abstract = "Liver microsomes are subcellular fractions that contain many metabolizing enzymes for drugs and endogeneous compounds. Some of these enzymes are regulated by sex hormonal control and exhibit sex-dependent expression pattern and metabolizing speed. Studying these enzymes, however, are complicated by the presence of isoforms such as cytochrome P450 (CYP450), which families share more than 50{\%} amino acid identities. In this study, we applied quantitative shot-gun proteomics approach coupled with stable-isotope dimethyl labeling, two-dimensional reversed-phase peptide separation and tandem mass spectrometry (MS) to explore the gender-dependent expression of rat liver microsomal proteins. A total of 391 proteins were identified and quantified by this approach, and 56{\%} of quantified proteins were enzymes. Although shot-gun approach is rarely used for identifying protein isoforms, we identified 53 isoforms by at least one unique peptide including 21 isoforms of CYP450s. Moreover, by quantitative and statistics assessment, we were able to classify them into 28 male dominant enzymes including CYP2C12 CYP2C11, CYP2C13, CYP2B3, CYP2C11, CYP2C70 and CYP3A2 which are known to be male specific, 21 female dominant enzymes including CYP2A1, CYP2C7, CYP2C12, CYP2D26, alcohol dehydrogenase 1, carboxylesterase 3, glutathione S-transferase, liver carboxylesterase 4, UDP-glucuronosyltransferase 2B1, and glyceraldehyde-3-phosphate dehydrogenase which are known to be female specific; and 125 sex-independent enzymes. However, most of the sex specificities revealed from this study, such as the male specificity of CYP2D1, were novel and not yet reported. We then conducted a mass spectrometry-multiple reaction mode (MS-MRM) based enzyme activity method to determine the catalyzing rate of CYP2D1 in male and female liver microsomes using carteolol as its specific substrate. The reaction rate catalyzed by CYP2D1 in female rats was determined to differ significantly with the rate in male rats. Moreover, the ratio (female/male) of reaction rate (0.68) was found to correlate with their relative protein abundance (0.72). This study revealed novel sex dependences of many rat liver enzymes and also demonstrated a unique MS-based analytical platform that could identify novel iso-enzymes and further quantify their abundance and enzyme activity.",
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Quantitative shot-gun proteomics and MS-based activity assay for revealing gender differences in enzyme contents for rat liver microsome. / Huang, Hung Jen; Tsai, Mei-Ling; Chen, Yen Wen; Chen, Shu-Hui.

In: Journal of Proteomics, Vol. 74, No. 12, 18.11.2011, p. 2734-2744.

Research output: Contribution to journalArticle

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AU - Huang, Hung Jen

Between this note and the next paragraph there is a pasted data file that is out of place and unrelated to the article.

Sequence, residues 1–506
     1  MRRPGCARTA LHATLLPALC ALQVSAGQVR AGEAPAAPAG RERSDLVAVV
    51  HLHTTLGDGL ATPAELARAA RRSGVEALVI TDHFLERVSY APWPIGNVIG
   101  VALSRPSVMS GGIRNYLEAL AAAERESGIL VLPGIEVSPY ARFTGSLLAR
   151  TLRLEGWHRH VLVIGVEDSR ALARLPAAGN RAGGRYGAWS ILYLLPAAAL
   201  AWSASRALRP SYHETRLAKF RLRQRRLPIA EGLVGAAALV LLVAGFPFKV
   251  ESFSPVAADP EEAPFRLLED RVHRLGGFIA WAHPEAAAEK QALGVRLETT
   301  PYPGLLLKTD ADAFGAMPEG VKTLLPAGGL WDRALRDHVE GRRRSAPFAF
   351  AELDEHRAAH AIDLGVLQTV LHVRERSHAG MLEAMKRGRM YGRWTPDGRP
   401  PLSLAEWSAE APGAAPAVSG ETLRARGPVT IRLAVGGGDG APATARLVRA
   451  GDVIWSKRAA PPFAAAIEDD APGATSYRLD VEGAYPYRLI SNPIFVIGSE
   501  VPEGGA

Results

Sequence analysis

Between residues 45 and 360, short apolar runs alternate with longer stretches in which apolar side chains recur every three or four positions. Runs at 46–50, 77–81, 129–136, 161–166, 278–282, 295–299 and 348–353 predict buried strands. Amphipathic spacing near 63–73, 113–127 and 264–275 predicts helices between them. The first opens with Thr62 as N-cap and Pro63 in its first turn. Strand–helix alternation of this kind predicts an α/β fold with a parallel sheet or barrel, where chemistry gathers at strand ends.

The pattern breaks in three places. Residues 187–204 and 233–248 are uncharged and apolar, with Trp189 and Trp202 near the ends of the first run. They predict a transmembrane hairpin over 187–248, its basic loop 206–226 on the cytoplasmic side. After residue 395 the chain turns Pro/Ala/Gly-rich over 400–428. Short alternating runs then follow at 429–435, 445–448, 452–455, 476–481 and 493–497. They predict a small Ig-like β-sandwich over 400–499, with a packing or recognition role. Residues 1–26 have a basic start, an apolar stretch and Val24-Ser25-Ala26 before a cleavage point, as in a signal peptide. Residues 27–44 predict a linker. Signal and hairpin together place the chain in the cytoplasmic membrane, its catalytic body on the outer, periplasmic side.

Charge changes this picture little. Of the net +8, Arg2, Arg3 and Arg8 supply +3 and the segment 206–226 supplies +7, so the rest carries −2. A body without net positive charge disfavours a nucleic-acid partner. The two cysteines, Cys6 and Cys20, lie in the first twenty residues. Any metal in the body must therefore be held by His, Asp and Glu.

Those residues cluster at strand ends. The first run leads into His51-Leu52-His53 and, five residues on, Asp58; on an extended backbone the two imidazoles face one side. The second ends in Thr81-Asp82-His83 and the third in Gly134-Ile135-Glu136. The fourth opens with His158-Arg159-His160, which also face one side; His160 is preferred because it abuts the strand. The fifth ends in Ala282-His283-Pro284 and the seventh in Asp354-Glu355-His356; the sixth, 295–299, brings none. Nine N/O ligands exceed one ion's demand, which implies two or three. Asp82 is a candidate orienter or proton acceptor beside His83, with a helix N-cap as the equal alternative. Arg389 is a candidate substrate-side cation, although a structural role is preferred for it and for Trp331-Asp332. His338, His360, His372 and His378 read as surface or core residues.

AU - Tsai, Mei-Ling

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AB - Liver microsomes are subcellular fractions that contain many metabolizing enzymes for drugs and endogeneous compounds. Some of these enzymes are regulated by sex hormonal control and exhibit sex-dependent expression pattern and metabolizing speed. Studying these enzymes, however, are complicated by the presence of isoforms such as cytochrome P450 (CYP450), which families share more than 50% amino acid identities. In this study, we applied quantitative shot-gun proteomics approach coupled with stable-isotope dimethyl labeling, two-dimensional reversed-phase peptide separation and tandem mass spectrometry (MS) to explore the gender-dependent expression of rat liver microsomal proteins. A total of 391 proteins were identified and quantified by this approach, and 56% of quantified proteins were enzymes. Although shot-gun approach is rarely used for identifying protein isoforms, we identified 53 isoforms by at least one unique peptide including 21 isoforms of CYP450s. Moreover, by quantitative and statistics assessment, we were able to classify them into 28 male dominant enzymes including CYP2C12 CYP2C11, CYP2C13, CYP2B3, CYP2C11, CYP2C70 and CYP3A2 which are known to be male specific, 21 female dominant enzymes including CYP2A1, CYP2C7, CYP2C12, CYP2D26, alcohol dehydrogenase 1, carboxylesterase 3, glutathione S-transferase, liver carboxylesterase 4, UDP-glucuronosyltransferase 2B1, and glyceraldehyde-3-phosphate dehydrogenase which are known to be female specific; and 125 sex-independent enzymes. However, most of the sex specificities revealed from this study, such as the male specificity of CYP2D1, were novel and not yet reported. We then conducted a mass spectrometry-multiple reaction mode (MS-MRM) based enzyme activity method to determine the catalyzing rate of CYP2D1 in male and female liver microsomes using carteolol as its specific substrate. The reaction rate catalyzed by CYP2D1 in female rats was determined to differ significantly with the rate in male rats. Moreover, the ratio (female/male) of reaction rate (0.68) was found to correlate with their relative protein abundance (0.72). This study revealed novel sex dependences of many rat liver enzymes and also demonstrated a unique MS-based analytical platform that could identify novel iso-enzymes and further quantify their abundance and enzyme activity.